Nope, we’re not talking about Michigan State basketball today, although my facebook feed tells me that’s apparently a hot topic. Instead we’re going to tackle a stupid question for which I already found the answer. Here’s my original query:
What did Crane mean when he wrote about Henry’s reaction to his mother’s farewell, “Still, she had disappointed him by saying nothing whatever about returning with his shield or on it?”
My original confusion was brought on because although my knowledge of civil war history is bleak, I was pretty sure carrying shields wasn’t in vogue at the time. The general, “alive or honorably dead” concept made sense, but why would she mention a piece of equipment unlikely to be in Henry’s possession?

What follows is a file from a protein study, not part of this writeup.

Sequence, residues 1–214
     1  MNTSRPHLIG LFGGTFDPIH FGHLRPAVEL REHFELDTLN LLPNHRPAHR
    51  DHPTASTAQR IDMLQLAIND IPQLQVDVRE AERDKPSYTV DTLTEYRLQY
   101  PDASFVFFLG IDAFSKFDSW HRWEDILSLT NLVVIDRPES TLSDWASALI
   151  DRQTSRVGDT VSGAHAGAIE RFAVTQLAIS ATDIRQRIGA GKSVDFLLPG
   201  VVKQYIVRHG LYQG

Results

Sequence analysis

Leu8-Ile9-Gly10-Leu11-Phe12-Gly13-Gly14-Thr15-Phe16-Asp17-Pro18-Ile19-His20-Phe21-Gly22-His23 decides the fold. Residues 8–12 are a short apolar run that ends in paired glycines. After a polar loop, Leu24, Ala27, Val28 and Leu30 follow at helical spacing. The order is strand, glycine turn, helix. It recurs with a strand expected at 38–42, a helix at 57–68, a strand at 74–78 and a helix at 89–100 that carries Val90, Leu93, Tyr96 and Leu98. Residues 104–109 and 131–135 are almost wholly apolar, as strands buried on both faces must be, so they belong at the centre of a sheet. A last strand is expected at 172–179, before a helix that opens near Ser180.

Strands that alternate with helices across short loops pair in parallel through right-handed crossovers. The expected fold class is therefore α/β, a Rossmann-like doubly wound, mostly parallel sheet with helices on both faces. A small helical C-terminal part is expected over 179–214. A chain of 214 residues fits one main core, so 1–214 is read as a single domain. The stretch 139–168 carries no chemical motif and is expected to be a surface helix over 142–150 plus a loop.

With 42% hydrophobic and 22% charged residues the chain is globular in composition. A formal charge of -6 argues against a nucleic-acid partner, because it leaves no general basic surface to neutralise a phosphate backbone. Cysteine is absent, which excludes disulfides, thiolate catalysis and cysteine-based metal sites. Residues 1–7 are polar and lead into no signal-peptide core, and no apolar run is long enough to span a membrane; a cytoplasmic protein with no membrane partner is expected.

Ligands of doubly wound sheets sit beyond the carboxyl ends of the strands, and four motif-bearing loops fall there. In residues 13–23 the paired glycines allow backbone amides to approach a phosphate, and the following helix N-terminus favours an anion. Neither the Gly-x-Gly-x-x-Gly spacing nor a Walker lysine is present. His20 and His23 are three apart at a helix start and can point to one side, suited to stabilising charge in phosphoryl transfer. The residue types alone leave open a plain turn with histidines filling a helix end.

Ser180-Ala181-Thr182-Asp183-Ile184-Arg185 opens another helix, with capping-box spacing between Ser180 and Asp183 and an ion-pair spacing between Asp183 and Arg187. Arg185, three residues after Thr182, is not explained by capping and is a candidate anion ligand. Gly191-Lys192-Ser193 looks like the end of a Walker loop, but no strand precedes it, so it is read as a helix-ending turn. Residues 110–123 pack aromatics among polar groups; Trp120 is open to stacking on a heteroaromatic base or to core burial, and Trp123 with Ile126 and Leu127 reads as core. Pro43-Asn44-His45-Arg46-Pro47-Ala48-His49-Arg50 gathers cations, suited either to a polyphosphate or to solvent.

Here’s where reading the earlier materials on the WEM list might have been helpful. Apparently, this is a reference to a Latin phrase “e tan, e epi tan,” a phrase first recorded in Pultarch’s Moralia. According to legend Spartan mothers would utter this as they handed their sons their shields. With this, or on this. Heartwarming.
Nicely done, Stephen Crane. Not only can you write your own clever sentences, but you’ve learned to borrow the best ones from history. I’m taking notes.